Fasting is called sawm in the Qur’an. The word sawm literally means "to abstain". In Surat Maryam, Allah tells that Mary the mother of Jesus said (“I have vowed a fast (sawm) for the sake of the Merciful, so today I shall not speak to anyone.”) (Maryam 19:26) The meaning is “I have vowed to abstain from speaking to anyone today.” According to Shari ‘ah, the word sawm means to abstain from all those things that are forbidden during fasting from the break of dawn to the sunset, and to do this with the intention of fasting.
According to Imam Al-Ghazali (d. 1111 C.E.), fasting produces a semblance of divine quality of samadiyyah (freedom from want) in a human being. Imam Ibn Al-Qayyim (d. 1350 C.E.), viewed fasting as a means of releasing the human spirit from the clutches of desire, thus allowing moderation to prevail in the carnal self. Imam Shah Waliullah Dahlawi (d. 1762 C.E.) viewed fasting as a means of weakening the bestial and reinforcing the angelic elements in human beings. Maulana Mawdudi (d. 1979 C.E.) emphasized that fasting for a full month every year trains a person individually, and the Muslim community as a whole, in piety and self restraint.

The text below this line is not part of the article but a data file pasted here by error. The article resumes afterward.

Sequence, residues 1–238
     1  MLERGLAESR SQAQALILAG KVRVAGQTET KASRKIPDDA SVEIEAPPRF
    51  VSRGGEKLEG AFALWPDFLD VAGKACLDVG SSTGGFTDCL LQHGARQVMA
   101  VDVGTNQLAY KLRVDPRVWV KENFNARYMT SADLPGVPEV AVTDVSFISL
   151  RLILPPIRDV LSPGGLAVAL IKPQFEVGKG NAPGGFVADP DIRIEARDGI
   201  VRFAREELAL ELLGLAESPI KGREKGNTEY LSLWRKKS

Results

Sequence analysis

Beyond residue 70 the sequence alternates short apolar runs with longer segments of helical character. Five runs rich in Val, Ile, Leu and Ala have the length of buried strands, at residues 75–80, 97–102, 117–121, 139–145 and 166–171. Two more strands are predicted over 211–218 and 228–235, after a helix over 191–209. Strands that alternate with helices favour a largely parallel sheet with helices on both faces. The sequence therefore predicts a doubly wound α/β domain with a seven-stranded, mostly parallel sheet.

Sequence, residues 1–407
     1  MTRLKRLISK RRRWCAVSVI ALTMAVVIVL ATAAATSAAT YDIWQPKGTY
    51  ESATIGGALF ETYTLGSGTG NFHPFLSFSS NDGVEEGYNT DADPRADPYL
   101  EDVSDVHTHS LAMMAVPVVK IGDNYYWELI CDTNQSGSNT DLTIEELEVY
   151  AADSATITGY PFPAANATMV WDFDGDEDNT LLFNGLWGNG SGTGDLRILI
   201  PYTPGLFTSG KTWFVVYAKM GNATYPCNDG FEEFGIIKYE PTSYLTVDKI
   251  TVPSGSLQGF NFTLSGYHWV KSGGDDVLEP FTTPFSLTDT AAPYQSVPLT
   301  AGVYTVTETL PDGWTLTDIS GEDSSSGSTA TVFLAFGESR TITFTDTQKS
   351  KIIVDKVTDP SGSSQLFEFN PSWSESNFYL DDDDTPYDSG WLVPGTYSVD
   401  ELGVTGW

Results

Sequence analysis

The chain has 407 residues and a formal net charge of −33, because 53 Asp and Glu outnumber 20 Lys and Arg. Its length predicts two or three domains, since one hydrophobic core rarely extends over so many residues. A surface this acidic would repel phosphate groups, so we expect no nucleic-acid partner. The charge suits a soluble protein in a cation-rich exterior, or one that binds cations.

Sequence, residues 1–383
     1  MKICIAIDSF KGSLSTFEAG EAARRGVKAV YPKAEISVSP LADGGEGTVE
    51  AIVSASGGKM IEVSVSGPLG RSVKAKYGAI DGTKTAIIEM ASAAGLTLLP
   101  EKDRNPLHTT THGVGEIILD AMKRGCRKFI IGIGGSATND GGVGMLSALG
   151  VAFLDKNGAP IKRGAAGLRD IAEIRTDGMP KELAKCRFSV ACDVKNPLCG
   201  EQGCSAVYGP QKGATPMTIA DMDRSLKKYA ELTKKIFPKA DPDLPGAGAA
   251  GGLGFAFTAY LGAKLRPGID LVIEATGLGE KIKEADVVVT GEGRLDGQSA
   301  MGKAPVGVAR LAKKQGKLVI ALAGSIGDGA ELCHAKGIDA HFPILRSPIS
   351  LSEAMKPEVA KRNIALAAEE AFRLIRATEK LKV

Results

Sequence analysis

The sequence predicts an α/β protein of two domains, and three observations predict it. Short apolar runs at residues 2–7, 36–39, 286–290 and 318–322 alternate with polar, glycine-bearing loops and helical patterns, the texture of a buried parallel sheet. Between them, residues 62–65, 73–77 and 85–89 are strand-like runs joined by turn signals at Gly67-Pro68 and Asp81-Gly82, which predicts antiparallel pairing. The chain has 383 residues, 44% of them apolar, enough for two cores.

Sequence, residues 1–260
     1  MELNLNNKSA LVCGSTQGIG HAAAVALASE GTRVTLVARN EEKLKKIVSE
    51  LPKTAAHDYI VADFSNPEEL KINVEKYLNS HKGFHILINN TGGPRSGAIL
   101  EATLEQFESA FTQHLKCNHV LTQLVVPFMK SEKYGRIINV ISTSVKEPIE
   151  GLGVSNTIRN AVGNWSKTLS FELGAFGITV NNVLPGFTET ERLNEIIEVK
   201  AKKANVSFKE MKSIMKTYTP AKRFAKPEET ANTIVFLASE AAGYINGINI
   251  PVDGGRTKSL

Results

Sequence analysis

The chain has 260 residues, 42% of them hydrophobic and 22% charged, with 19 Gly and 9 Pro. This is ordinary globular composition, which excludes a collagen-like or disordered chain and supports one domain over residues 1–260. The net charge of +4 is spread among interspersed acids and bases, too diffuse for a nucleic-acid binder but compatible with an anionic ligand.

The Qur'an states what it means:
O you who believe! Observing al-sawm (the fasting) is prescribed for you as it was prescribed for those before you, that you may become al-muttaqoon (the pious). Qur’an al-Baqarah, 2:183.
Fasting According to the Sunnah
1. Take Zuhoor (pre-dawn meal). It is Sunnah and there is a great reward and blessing in taking sahur. The best time for zuhoor is the last half hour before dawn or the time for Fajr prayer.
2. Take iftar (break-fast) immediately after sunset. Shari‘ah considers sunset when the disk of the sun goes below the horizon and disappears completely.